Aging populations are creating tremendous pressures on social security systems throughout the world, lifting the need for reform to the top of policy agendas. Proposed reforms often have different implications for men and women. At the same time, traditional family and gender roles are changing with the decline in fertility rates and the rapid rise in women's participation in the paid labor force.
While trying to adapt social security systems to the fiscal demands of aging societies, policymakers face the compelling challenge of how to design pension reforms that achieve fair outcomes for women. Gender and Social Security Reform examines how different countries are attempting to meet this challenge. Drawing on comparative studies of European and Latin American countries along with a series of case studies of individual countries, the book provides insights into the gender dimensions of alternative designs for reform. All of the countries studied have recently reformed or are about to reform their pension systems, with a clear trend towards tightening the link between contributions and benefits in order to secure the long-term sustainability of pensions. The book also alerts policymakers to other issues: Should pension systems be gender-neutral or compensate for inequalities in paid and unpaid labor? Does compensation preserve gender discrimination? Are unisex life tables a reliable or fair redistributive tool for women? Or should annuities be linked directly to life expectancy, differentiated by sex and potentially other factors? Does a minimum pension guarantee risk compromising the principle of individual responsibility and work? How can recognition for caring work be balanced with work incentives? What can be done to help social security systems preserve freedom of choice in terms of work-family balance for women, men or the modem family unit as a whole?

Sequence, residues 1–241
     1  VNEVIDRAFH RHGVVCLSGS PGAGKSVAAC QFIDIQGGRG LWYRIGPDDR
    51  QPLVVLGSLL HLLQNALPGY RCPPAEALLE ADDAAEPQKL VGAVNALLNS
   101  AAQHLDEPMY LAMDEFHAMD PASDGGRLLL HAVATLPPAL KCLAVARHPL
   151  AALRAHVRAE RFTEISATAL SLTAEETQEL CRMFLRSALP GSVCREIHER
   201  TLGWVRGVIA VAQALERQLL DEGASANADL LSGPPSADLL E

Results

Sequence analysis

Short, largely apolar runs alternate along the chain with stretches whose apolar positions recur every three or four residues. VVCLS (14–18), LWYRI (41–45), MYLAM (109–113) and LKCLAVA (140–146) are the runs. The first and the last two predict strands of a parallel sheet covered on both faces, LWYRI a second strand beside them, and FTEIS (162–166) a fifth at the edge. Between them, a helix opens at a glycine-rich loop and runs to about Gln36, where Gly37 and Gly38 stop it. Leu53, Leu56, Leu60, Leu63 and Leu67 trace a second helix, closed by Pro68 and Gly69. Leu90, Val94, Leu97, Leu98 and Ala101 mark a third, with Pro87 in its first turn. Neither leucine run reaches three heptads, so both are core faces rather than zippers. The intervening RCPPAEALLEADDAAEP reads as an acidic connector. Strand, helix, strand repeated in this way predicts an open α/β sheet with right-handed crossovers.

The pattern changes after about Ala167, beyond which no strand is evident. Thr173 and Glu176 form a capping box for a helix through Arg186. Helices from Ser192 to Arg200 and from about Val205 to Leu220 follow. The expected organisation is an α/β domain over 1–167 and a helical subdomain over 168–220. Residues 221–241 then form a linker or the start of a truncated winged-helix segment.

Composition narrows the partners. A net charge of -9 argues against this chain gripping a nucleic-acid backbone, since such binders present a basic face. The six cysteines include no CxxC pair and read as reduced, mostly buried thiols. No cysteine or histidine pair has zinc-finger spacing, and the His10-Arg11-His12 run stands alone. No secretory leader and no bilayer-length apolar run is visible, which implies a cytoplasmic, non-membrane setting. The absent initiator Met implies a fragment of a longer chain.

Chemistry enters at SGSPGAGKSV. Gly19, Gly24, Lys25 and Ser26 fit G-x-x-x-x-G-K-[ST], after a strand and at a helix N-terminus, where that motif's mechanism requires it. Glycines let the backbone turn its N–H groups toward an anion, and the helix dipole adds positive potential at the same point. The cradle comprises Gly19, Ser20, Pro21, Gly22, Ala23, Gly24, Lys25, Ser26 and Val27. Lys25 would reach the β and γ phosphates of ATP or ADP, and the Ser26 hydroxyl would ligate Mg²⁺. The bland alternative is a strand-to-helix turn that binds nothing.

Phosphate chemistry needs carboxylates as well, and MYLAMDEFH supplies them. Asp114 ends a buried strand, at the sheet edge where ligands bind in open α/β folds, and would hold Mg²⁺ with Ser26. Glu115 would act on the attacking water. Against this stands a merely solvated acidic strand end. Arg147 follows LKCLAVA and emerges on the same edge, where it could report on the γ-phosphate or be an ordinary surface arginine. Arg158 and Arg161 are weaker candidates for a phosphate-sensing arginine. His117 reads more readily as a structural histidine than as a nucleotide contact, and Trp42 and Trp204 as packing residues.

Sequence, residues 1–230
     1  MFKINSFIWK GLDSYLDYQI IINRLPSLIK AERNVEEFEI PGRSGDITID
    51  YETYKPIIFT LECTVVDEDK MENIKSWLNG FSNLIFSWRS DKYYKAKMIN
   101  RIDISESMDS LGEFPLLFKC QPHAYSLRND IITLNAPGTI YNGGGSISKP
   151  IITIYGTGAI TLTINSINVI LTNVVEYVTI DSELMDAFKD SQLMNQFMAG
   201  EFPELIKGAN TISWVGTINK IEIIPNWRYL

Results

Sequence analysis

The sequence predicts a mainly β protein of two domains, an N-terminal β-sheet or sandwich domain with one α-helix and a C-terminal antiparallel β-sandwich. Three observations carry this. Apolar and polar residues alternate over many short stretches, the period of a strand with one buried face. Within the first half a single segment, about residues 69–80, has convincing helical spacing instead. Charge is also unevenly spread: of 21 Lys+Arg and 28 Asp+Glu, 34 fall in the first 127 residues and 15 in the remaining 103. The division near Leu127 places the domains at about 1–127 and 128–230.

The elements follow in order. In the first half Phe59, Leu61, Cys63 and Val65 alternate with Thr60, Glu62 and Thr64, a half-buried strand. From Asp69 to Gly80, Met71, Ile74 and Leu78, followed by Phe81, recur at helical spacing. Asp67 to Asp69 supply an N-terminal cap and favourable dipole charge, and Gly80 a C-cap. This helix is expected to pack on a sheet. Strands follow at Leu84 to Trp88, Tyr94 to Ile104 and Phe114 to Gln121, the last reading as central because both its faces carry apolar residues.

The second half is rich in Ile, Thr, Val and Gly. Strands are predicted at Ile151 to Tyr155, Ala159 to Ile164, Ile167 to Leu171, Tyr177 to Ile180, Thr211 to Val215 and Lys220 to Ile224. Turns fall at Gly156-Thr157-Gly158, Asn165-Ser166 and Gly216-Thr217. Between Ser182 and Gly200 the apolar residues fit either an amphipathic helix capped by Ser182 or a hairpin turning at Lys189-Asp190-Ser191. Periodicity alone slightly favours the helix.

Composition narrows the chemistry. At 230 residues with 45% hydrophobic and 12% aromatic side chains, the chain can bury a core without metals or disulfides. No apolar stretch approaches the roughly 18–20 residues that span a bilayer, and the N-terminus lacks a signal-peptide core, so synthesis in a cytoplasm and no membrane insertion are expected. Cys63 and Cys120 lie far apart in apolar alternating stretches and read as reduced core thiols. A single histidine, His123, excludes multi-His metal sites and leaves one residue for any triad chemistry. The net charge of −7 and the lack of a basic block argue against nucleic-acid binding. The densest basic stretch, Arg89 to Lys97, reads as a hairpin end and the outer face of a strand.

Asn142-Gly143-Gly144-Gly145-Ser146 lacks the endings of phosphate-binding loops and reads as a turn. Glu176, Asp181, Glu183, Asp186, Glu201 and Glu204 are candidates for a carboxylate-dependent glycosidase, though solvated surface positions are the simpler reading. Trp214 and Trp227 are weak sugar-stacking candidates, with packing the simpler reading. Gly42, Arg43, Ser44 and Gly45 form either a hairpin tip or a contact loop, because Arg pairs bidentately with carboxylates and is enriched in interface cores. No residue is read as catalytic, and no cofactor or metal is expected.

In analyzing the gender implications of recent social security policies and practices this book reframes the conventional discourse of reform.